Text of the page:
Sign Up


By signing up I agree to Property Tribes Terms and Conditions

Already a PT member? Log In

Sign Up

Sign Up With Facebook, Twitter, or Google


By signing up, I agree to Property Tribes Terms and Conditions

Already a PT member? Log In

Log In


Don't have an account? Sign Up

Forgot Password

To reset your password just enter the email address you registered with and we'll send you a link to access a new password.

Already a PT member? Log In

Don't have an account? Sign Up

  • Property-a-holics

    Kate Faulkner, Property Analyst - Buy smart!

    Welcome to the next instalment of our "Smart Landlord" 2019 campaign, where we present a guest article by highly respected property analyst and commentator, Kate Faulkner, who is also a member of Property Tribes.

    You've heard of smart phones, smart highways, smart meters ... well, this month, to celebrate our 10th anniversary, Property Tribes champions the concept of the "smart landlord" as we believe that is the profile of the landlord who will survive the current challenging market conditions and taxation and regulatory landscape.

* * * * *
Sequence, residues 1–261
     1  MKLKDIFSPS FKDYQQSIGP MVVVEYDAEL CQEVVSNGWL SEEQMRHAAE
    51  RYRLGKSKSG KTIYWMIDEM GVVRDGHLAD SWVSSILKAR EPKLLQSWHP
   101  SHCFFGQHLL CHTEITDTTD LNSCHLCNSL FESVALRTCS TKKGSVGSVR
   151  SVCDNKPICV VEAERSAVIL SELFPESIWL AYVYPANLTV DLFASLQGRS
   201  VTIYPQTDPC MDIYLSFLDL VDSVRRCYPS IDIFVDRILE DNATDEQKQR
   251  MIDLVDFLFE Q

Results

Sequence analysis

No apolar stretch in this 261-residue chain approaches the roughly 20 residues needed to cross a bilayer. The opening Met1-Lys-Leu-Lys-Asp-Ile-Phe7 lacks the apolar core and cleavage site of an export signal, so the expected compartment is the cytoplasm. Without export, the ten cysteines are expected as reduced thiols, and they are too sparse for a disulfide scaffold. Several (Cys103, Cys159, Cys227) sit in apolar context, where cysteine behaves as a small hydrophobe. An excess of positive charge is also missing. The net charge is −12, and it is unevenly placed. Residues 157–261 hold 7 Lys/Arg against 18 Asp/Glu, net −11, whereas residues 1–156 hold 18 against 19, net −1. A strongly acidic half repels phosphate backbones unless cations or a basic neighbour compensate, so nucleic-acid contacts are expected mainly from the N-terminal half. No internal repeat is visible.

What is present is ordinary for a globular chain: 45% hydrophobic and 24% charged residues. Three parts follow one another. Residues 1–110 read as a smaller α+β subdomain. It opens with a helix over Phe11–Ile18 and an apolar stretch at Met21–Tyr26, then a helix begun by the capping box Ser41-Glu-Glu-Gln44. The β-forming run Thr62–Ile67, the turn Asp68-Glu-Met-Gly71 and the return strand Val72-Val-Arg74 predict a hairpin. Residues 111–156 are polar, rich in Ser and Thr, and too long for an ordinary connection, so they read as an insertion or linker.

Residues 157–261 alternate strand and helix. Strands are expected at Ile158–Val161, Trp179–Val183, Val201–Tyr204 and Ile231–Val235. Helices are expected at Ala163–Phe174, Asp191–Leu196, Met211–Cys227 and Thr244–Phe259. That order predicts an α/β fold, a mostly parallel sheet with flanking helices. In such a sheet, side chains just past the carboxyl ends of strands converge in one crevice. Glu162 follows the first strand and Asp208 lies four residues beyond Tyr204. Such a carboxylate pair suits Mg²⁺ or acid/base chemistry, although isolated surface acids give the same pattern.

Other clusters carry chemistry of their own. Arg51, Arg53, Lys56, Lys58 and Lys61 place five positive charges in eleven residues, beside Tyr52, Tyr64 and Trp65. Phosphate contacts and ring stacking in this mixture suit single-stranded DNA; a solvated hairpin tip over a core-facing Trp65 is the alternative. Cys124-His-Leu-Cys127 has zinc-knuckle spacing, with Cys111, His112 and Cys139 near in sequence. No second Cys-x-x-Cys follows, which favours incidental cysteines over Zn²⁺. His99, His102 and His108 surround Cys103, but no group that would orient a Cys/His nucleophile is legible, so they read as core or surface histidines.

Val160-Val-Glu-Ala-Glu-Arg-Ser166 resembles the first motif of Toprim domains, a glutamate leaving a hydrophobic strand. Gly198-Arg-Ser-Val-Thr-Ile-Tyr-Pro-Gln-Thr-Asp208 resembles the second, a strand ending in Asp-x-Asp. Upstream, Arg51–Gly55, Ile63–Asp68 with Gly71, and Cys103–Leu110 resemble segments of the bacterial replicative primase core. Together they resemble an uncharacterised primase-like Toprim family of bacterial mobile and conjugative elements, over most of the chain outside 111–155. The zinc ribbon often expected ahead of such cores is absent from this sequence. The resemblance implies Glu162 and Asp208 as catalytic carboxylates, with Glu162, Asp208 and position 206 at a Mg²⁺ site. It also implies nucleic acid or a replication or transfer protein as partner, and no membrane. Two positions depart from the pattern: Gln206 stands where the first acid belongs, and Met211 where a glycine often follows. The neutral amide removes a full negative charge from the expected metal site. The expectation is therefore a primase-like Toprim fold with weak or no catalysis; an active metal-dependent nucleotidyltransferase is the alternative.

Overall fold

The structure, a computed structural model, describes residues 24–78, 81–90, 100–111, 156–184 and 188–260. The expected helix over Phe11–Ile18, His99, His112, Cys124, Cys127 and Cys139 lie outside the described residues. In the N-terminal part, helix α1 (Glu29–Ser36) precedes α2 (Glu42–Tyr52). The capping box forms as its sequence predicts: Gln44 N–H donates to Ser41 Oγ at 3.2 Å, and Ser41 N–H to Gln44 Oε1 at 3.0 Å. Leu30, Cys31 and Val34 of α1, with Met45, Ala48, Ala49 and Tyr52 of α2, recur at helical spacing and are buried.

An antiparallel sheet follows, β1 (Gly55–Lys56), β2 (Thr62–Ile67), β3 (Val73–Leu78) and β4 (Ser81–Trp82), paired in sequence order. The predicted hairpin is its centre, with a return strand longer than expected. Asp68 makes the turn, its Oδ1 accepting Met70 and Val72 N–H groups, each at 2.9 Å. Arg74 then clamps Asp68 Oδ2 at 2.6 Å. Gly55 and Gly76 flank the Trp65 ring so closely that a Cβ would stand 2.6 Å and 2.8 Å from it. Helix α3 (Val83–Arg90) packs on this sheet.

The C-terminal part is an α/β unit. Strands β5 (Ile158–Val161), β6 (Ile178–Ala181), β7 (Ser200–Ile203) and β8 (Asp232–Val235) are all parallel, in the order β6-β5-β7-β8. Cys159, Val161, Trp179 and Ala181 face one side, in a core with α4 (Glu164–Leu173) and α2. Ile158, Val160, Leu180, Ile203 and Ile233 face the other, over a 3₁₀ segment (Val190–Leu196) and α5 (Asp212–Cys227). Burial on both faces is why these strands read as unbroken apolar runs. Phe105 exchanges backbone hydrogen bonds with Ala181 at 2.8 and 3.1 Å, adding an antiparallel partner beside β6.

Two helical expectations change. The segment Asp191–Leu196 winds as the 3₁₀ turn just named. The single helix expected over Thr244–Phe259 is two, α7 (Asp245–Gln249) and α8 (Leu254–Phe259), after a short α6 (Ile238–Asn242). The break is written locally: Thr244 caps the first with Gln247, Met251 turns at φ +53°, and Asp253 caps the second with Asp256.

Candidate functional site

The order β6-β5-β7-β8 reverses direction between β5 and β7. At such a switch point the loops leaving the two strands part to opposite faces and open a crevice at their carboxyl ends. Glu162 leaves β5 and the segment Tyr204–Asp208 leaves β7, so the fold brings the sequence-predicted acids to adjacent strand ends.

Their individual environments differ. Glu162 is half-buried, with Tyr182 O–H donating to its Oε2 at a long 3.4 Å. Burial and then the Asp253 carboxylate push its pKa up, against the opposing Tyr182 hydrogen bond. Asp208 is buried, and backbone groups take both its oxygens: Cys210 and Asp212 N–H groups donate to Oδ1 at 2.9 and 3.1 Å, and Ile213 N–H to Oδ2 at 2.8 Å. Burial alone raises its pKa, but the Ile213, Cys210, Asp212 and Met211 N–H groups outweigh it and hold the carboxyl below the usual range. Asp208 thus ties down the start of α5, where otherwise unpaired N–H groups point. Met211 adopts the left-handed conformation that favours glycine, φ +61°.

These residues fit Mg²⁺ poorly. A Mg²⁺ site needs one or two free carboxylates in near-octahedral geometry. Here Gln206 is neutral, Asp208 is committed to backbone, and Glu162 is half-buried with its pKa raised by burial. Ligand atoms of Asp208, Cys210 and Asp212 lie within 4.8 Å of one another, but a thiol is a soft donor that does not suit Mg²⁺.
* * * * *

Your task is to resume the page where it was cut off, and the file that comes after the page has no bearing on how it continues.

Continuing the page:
Smart things are adaptive to change, problem solving and always seeking out efficiencies to operate more smoothly and at a higher level, and that is how the smart landlord approaches their business.

    In the context of the "Smart Landlord", Kate writes:

    It used to be pretty easy being a landlord. Tenants would be queuing for properties, agreements were just a few pages, there were some laws you needed to abide by, enforcement hardly existed and property price growth was often in double digits.

    Looking at the market today it couldn’t be more different:-

    1. There are over 400 rules and regulations to abide by – many of which aren’t that easy to understand or implement
    2. Tenancy agreements constantly have to be reviewed due to new laws being passed or existing ones added to, with the government recommended AST now running into 50 pages
    3. Licensing has introduced an unbelievable amount of complex administration for HMOs, with little seemingly relating to the original rationale: to reduce fires in shared homes.
    4. Fines for breaching letting rules are running into hundreds of thousands of pounds and even jail terms for landlords
    5. Rent rises are typically below inflation, running long term around +2% per annum versus +3% inflation rises - meaning many landlords are taking a real ‘pay cut’ each year
    6. Capital growth is, for some, non-existent or at best around 3% a year versus previous gains of 6-8% on average since 2000. Some city centre flats are still selling at tens of thousands of pounds less than they were bought for
    7. Tenant groups are becoming more proactive with ‘anti landlord and letting agent’ demonstrations